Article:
That the partition of the Punjab was a catastrophe for a vast multitude of the people is a familiar story. What is, how¬ever new in this well-researched work is the poignancy with which the trauma suffered by a physically broken and emo¬tionally shattered humanity has been brought out.
This book is a good example of the growing strengths and persistent weak¬nesses of South Asian thoughts on South Asia.
To take the strengths first, the book adds one more to the growing list of titles of books about South Asia as a region. This list and its growth have been quite a remarkable phenomenon of the South Asian intellectual scene since the start of the 1980s. One can be certain that more—many more—books have been pub¬lished, more papers have been written, and more seminars held in the 80’s with the phrase South Asia incorporated in them in one’ way or another than had been produced in all the preceding years.
‘Angaliyat’ in Gujarati means the child of the former husband, or more precisely, the child of the former husband who follows the mother, holding her finger (‘Angali’), when she weds another man. The title of the novel is suggestive of the love that unites the two main characters of the novel—Tiho, a weaver of a small village, Ratnapur, and Methi, a woman-of the same community from another village, Shilapur. Though Tiho and Methi never marry, Gokal, Methi’s son, is known as an ‘angaliyat’. Gokal not only uses Tiho’s name as his father but also begins to acquire, towards the end of the novel, the strength of Tiho’s character and thus becomes in a way his true heir. But what is more important perhaps is the social and political backdrop against which the story of Tiho and Methi unfolds.
The politics of the newly independent African nations is typical of the post-colonial hangover worldwide. Having served as the milch cow of their colonial overlords, the impoverished countries are inextricably tangled in a web of inter¬national debt, both financial and moral. In many cases, self assertion was suppres¬sed and a neo-colonial legacy still con¬tinues.
This is an engaging book, and it only narrowly misses being an important one. By widening the scope of traditional ‘lit. crit’. concerns to include analyses of non-Western, non-literary, and even oral narrative forms, the contributors demonstrate how academic critics may engage in cultural politics through a process that the editors have described, simply thus: ‘(A) paper starts with theory, and spills over into life….’
My earliest political education was from the poet Subrahmanya Bharati. A line of his that was for ever on my lips as a boy runs, in inadequate translation, thus:
‘You sure have heard, Oh: You wind, The stifled sobs of men and women, weary of limb and of spirit In the tea gardens of Sri Lanka.’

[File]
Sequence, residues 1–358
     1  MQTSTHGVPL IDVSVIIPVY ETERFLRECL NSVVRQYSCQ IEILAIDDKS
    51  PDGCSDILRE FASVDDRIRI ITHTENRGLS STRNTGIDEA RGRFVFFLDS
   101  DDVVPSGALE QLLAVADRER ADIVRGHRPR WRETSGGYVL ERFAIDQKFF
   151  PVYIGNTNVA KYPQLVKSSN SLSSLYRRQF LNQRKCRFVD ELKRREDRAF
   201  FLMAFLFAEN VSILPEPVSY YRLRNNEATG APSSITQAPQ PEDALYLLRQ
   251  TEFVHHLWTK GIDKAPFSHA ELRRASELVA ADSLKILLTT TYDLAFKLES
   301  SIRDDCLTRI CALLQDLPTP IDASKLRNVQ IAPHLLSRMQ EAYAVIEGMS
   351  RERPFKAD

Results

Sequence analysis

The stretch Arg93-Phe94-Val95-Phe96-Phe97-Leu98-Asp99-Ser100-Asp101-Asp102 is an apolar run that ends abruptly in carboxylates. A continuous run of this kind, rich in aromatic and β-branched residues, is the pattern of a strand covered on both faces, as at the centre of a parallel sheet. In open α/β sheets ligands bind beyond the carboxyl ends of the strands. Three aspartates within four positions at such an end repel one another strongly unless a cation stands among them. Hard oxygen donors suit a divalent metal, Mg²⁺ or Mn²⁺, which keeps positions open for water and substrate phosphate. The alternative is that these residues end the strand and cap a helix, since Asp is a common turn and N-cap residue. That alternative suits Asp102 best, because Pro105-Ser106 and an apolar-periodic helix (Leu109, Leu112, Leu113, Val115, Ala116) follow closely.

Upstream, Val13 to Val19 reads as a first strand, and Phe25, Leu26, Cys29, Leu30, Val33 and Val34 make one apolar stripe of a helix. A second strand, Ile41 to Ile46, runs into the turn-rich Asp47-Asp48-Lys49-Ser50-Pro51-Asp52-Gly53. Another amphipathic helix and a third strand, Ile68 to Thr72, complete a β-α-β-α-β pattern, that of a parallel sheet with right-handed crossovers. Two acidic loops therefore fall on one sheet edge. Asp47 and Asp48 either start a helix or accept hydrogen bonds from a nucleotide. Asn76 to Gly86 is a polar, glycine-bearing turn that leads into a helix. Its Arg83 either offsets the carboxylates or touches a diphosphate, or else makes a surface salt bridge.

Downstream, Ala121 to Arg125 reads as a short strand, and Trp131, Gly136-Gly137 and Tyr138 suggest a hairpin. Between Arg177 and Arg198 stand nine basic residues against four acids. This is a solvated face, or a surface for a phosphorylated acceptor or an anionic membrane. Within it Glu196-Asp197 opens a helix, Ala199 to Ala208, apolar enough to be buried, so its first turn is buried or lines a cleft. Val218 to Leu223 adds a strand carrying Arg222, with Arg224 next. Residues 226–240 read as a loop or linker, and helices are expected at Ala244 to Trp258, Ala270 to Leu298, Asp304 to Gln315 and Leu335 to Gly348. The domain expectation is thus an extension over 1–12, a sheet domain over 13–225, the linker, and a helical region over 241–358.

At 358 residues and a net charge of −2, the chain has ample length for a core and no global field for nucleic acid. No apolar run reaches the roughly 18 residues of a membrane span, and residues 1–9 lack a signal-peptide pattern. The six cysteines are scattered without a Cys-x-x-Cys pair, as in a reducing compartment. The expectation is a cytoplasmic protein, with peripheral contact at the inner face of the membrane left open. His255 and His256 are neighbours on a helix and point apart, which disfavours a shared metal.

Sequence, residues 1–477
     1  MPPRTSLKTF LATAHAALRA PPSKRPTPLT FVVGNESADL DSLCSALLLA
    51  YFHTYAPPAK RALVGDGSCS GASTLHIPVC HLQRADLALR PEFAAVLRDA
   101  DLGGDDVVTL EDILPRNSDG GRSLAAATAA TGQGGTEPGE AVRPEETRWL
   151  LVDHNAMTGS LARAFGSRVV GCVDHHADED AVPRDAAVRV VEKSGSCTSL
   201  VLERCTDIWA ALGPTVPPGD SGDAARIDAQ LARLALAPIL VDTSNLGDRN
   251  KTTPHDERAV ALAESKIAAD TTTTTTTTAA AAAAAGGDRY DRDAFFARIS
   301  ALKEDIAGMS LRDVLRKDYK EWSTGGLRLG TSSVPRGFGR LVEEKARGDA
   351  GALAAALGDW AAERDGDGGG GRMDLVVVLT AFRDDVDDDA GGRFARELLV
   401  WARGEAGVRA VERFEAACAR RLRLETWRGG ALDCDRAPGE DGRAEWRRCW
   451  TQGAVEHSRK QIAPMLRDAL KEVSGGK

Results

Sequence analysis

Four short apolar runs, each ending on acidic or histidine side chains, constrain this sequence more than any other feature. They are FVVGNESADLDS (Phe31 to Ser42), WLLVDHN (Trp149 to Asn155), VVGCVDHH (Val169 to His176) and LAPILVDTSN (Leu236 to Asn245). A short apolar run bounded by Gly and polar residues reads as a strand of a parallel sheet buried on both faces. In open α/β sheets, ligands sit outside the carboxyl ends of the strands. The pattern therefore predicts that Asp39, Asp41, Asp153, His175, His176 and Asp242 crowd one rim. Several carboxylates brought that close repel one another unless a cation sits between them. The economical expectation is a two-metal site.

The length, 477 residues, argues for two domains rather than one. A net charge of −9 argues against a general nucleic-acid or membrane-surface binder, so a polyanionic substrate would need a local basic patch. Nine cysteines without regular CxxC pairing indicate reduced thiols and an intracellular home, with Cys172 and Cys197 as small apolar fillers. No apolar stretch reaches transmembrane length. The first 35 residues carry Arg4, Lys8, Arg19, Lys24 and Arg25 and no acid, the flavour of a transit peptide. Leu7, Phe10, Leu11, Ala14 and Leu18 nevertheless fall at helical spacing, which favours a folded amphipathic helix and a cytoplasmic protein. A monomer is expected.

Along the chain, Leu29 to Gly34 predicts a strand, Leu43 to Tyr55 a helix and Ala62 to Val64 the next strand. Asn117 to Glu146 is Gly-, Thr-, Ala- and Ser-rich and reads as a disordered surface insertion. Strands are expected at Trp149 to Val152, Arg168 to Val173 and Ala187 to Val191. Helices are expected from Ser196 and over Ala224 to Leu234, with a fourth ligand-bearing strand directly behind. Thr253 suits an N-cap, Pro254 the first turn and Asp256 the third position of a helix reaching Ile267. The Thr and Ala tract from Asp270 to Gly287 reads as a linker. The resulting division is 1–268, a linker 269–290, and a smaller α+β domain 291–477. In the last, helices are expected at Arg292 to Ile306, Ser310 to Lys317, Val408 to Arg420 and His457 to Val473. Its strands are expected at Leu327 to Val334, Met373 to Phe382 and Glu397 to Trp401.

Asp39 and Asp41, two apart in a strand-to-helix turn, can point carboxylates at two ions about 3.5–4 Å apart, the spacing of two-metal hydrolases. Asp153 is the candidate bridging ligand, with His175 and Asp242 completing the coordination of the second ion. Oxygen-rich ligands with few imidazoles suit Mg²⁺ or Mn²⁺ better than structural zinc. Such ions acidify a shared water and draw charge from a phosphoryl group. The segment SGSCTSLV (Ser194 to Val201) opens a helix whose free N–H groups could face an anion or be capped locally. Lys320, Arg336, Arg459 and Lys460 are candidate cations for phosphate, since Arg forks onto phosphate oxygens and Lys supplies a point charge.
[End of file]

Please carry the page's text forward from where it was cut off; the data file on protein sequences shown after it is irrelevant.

This subcontinent with its precious and magnificent heritage of natural wealth is fast being deprived of its security blanket of green vegetation. Progress unfortu¬nately still means the exploitation of nature and the Himalayas with its foot¬hills are denuded day by day.
There has been a rather curious reluc¬tance among Indian scholars, especially among those involved with English studies, to engage in critical discussion of British fiction about India. Professor Bhupal Singh of Dayal Singh College, then in Lahore, wrote his pioneering book on the subject more than fifty years ago. Since then sahibs and mems such as Allen Greenberger, Kai Nicholson, Benita Parry, Stephen Hemenway and, most recently, David Rubin (in a book entitled After the Raj published last year) have enlarged the scope of discussion of these novels.
It is widely believed that Prime Minister Rajiv Gandhi is dissatisfied with the functioning of the Ministry of External Affairs. It is also well known that many members of the Indian Foreign Service are discontented and dispirited these days, and have been so for some years. Why?
Notwithstanding India’s recently comple¬ted chairmanship of the Nonaligned Movement and the amply demonstrated charm of the Prime Minister, India’s voice cannot be considered objectively to be one of influence in world politics today.
Rasul B. Rais, an Assistant Professor in the Department of International Relations at Qaid-i-Azam University Islamabad, Pakistan, has written this book mostly at the Institute of International Studies, University of California, Berkeley. The book, however, fails to reflect either the Pakistani or the American point of view.
The two books under review tackle similar questions but reach their answers through somewhat different routes. Kumari Jayawardena examines the role played by women in the anti-colonial struggles in several third world countries and the changes in the perceptions of women that emerged as a consequence, Liddle and Joshi study the position of urban, professional women in India today and attempt to , assess their status through the parameters of gender, caste and class. Both books address them¬selves to the vexed question of whether or not feminism is a western phenomenon transplanted to India or an; indigenously generated movement. Both books decide in favour of the latter, but again through different routes and for different reasons.